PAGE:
The first of a few posts commenting on my summer reading:
Gustav Mahler by Jens Malte Fischer, translated by Stewart Spencer. The composer of famously large-scale symphonies has elicited some exceptionally large books, among them the three eccentrically structured volumes by Donald Mitchell and the four insanely comprehensive volumes by Henry Louis de la Grange. Fischer’s book is modest by comparison, being a single volume, but still, it tips the scales at 766 pages. The book is more of a cultural history than a life and works. “It is impossible to say for certain when Mahler was first introduced to the ideas of Gustav Theodor Fechner…” is not an atypical sentence. The book reminds me a little of Jacques Barzun’s book on Berlioz: a lot of cultural history, but thin on the music. In fact, I’m not too sure how much Fischer likes Mahler’s music, with the short chapters on the pieces overly indebted to Adorno’s compulsive skepticism about anything affirmative in the music. The slaughtered animals mentioned in the text of the Fourth Symphony’s last movement supposedly make the finale of the Fourth “undermine[s] the brief [?] assurance of the Adagio”; “Mahlerians will find it hard to set aside their sense of uncertainty” about the Third; “astonishingly crass contradictions and inconsistencies typify the first three movements of the Fifth”; and so on. While I learned things here that I have not read elsewhere, the best writing about music draws me back to the pieces, and on that count the book fails.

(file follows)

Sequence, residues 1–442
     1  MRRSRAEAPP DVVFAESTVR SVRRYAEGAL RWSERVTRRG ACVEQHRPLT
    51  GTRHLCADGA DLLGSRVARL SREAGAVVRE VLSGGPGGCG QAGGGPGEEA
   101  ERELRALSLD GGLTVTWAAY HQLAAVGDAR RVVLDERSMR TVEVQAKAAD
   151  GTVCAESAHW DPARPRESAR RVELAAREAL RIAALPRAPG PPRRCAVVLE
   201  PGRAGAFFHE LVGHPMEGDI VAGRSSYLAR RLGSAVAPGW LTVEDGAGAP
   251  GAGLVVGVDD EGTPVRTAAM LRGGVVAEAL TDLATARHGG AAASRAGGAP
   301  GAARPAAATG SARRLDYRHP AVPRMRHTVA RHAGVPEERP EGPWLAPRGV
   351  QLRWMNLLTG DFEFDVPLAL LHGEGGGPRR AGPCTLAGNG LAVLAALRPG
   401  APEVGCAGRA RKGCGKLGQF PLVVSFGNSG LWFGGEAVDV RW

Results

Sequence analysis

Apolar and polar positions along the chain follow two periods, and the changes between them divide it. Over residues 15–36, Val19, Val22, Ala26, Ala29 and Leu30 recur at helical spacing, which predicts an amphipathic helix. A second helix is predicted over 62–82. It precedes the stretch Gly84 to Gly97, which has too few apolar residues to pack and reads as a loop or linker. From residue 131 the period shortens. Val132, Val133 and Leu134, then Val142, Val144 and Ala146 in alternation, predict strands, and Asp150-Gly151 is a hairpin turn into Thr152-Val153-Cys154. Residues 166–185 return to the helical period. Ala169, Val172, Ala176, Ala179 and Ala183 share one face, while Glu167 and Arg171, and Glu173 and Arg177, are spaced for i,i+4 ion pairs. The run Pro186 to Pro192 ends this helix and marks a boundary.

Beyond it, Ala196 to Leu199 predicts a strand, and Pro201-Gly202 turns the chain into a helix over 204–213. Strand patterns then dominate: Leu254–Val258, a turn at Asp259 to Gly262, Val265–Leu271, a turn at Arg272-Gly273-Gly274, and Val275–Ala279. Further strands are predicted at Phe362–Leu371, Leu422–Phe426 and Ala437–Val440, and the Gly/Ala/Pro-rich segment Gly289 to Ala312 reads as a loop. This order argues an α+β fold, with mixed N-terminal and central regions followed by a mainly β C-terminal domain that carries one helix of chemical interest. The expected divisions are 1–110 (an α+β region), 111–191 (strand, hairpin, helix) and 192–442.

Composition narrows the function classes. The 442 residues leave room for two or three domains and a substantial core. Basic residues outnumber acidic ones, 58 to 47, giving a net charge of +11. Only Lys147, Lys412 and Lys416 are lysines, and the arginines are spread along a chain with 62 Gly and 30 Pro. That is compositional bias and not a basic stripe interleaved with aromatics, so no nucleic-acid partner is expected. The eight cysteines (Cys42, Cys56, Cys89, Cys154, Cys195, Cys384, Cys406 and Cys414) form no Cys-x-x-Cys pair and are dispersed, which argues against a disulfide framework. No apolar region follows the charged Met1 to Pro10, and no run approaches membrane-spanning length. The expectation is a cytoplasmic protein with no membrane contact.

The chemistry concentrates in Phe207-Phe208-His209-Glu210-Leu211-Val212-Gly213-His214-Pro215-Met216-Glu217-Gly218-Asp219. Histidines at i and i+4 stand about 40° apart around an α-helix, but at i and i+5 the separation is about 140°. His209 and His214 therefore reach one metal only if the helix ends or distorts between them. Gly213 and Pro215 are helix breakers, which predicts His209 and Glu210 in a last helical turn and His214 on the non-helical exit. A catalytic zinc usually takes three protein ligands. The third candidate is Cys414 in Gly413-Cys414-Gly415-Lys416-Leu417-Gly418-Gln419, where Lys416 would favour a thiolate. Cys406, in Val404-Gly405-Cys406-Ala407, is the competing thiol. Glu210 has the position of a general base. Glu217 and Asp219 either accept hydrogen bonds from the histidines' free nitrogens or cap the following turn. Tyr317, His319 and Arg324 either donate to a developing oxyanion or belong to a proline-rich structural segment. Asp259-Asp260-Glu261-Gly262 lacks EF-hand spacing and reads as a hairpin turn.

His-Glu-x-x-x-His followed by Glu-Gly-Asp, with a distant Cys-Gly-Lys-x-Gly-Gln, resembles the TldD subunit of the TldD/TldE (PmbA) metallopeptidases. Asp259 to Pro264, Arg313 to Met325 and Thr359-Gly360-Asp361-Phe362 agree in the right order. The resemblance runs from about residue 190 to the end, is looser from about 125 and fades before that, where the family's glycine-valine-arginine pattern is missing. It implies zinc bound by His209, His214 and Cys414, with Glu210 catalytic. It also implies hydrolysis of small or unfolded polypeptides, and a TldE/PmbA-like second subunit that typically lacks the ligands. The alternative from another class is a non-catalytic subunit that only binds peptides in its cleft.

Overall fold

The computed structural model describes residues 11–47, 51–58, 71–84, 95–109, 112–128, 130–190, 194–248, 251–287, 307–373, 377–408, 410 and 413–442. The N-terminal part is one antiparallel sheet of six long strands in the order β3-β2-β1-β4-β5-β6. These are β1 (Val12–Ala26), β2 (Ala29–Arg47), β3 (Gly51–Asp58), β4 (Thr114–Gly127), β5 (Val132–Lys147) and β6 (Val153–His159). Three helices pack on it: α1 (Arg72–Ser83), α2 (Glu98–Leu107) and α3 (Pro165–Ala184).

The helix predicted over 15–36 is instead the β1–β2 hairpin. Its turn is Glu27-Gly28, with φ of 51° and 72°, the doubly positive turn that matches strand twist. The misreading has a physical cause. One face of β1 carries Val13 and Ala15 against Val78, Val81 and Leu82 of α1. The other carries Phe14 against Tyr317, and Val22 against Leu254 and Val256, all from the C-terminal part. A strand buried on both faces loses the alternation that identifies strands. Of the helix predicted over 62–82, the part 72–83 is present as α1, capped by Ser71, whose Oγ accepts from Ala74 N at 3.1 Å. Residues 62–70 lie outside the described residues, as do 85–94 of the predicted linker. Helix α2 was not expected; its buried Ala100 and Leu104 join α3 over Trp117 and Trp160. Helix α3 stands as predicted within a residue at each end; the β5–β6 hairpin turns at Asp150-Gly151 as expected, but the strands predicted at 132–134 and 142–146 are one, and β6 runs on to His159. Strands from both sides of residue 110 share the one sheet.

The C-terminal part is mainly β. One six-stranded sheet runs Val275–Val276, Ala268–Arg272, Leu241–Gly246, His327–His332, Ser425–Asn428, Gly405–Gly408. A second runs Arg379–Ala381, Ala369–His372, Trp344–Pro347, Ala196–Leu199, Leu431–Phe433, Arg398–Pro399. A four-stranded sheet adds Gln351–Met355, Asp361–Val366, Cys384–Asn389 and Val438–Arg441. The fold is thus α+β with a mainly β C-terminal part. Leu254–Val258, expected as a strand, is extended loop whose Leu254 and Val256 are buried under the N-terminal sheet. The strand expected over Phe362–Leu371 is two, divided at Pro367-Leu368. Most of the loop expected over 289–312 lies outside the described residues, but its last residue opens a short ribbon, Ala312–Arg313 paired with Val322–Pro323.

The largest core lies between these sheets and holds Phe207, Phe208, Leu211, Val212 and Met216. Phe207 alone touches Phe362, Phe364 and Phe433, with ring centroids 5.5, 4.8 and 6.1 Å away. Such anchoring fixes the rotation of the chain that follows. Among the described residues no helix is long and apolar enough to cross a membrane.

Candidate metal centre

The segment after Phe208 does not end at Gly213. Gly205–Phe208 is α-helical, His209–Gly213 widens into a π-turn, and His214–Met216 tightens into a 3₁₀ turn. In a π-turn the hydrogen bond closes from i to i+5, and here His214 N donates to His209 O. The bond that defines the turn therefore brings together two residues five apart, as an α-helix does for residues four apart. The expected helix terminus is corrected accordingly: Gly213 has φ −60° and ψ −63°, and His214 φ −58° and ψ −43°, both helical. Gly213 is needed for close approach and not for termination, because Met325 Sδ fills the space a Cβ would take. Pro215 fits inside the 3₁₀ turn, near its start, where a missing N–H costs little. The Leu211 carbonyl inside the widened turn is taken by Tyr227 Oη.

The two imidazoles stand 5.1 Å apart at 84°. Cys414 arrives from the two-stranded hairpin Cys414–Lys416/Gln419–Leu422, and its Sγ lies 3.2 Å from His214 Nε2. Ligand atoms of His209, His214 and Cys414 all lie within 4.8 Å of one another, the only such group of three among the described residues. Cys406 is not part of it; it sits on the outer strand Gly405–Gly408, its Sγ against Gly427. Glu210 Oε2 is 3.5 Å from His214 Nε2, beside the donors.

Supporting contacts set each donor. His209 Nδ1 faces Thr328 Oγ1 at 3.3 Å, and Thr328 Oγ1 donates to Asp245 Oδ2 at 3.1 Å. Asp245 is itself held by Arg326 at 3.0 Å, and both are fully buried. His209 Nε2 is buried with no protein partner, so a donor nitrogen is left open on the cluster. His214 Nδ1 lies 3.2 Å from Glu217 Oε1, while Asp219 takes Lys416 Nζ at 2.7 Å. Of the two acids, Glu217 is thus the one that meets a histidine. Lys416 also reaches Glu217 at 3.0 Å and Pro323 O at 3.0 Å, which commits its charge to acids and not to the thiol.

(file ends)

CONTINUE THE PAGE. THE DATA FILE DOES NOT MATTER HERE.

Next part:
The First Four Notes by Matthew Guerrieri. The central focus here is the Beethoven Fifth, particularly the opening motif .* But the myriad spokes radiating outward from that hub represent an alarmingly vast array of topics – from Hegel to Saturday Night Fever, from the French resistance to Beecham’s Pills. There is a good bit of heavy lifting here in the sections on philosophers, but Guerrieri does his best to tie helium balloons of clarity to the German ballast, and I understand slightly more about Kant and Hegel than when I picked up the book. Slightly. Guerrieri’s wit and easy erudition about almost anything, familiar from his blog Soho the Dog, make for a book that is a little like the results of a Google search with “Beethoven’s fifth, the first four notes” as the search terms – except that with this search, every one of the multitude of links is worth reading, and the results have been elegantly formed into appealing larger shapes.
*) “Tell me Bob, do you think you’d call that four note idea a theme or a motif?”
“Well, Pete, the technical term…” Go here and get set straight on this. (I’m surprised this doesn’t find its way into Guerrieri’s book.)